The corporate structure of Altria has continued to evolve. In March 2008, Altria spun off Philip Morris International to make it a stand-alone company based in Switzerland. While Altria justified the initiative as motivated by a desire to 'improve focus on the different market dynamics, competitive frameworks, challenges and opportunities that Altria and PMI face',15 other commentators observe that cordoning off Philip Morris International will make the new entity less vulnerable to US regulators, legislators and litigants, and will reduce public relations pressure on Altria, which will continue to manage Philip Morris's US operations.16 US ownership of Philip Morris International restricted its opportunities for global growth. With the approach of the split between the companies, a host of innovative product developments, which might have been expected to receive strong opposition in the US, were announced for introduction to Philip Morris International's overseas markets.16 Altria retains ownership of Philip Morris (USA), the cigar-manufacturing concern John Middleton Co, a finance and investment company and a 29% shareholding in SAB Miller, the second largest brewing company in the world.11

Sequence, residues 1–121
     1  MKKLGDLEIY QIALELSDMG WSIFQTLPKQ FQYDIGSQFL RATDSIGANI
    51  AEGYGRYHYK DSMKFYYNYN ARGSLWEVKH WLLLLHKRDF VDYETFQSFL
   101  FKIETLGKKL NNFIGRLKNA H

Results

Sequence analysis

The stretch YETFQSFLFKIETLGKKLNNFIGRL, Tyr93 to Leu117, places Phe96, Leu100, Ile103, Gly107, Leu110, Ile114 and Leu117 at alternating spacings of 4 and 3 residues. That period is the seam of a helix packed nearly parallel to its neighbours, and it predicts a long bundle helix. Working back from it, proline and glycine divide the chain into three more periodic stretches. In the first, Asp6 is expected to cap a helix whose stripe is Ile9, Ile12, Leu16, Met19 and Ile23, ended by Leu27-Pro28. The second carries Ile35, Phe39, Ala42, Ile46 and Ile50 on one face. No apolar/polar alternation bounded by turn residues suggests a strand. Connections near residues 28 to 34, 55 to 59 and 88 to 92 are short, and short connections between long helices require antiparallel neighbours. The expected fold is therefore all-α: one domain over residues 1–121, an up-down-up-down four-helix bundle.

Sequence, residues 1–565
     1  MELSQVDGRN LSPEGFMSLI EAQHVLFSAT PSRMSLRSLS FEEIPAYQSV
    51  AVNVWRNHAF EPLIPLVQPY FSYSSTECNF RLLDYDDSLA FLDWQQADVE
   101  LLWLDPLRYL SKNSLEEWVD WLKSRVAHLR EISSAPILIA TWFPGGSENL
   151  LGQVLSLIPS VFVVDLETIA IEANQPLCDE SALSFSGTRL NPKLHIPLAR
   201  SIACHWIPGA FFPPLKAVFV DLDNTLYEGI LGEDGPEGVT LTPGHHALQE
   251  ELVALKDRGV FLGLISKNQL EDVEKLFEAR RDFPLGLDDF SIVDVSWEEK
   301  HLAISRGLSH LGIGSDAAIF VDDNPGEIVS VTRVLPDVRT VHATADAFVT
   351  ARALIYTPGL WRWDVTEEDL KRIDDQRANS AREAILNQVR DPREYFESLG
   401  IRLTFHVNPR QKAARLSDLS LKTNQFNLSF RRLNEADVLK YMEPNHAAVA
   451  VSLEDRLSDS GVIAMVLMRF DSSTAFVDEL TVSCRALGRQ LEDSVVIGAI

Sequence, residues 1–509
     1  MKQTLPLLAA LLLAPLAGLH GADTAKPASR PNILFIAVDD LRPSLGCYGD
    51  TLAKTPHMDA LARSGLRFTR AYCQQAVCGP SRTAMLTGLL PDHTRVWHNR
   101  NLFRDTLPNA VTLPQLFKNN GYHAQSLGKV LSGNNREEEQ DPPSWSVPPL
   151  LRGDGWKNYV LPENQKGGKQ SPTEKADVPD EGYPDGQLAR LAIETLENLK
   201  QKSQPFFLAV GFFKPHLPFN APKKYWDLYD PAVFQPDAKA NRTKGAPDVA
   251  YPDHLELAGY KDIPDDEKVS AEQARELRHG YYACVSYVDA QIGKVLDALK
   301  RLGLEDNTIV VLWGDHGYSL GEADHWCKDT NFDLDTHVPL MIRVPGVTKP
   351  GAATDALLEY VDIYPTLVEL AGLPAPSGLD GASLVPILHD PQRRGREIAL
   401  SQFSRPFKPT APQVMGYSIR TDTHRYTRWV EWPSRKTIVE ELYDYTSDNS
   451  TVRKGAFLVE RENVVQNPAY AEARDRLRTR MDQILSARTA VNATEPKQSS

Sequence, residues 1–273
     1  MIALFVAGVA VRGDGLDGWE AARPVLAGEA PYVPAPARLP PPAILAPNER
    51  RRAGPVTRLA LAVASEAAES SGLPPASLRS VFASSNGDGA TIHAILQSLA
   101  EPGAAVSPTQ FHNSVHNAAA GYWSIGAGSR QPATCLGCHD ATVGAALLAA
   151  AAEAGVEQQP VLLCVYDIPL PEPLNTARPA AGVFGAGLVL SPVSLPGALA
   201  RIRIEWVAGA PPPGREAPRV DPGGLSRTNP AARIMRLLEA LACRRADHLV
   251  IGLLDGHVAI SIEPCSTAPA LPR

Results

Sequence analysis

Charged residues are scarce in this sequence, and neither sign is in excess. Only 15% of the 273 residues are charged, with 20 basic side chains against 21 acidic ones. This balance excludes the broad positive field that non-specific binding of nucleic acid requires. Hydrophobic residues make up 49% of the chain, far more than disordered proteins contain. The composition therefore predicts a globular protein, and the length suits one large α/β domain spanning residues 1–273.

Enacted in 2009, Philip Morris was the only tobacco company to support the US Family Smoking Prevention and Tobacco Control Act, which gives limited powers to the US Food and Drugs Administration to regulate tobacco products. There is concern among US tobacco control stakeholders that the effectiveness with which the Food and Drugs Administration will be able to regulate tobacco products remains in doubt and that the law offers the tobacco industry an opportunity to rehabilitate its image and products because they are now 'FDA regulated'.17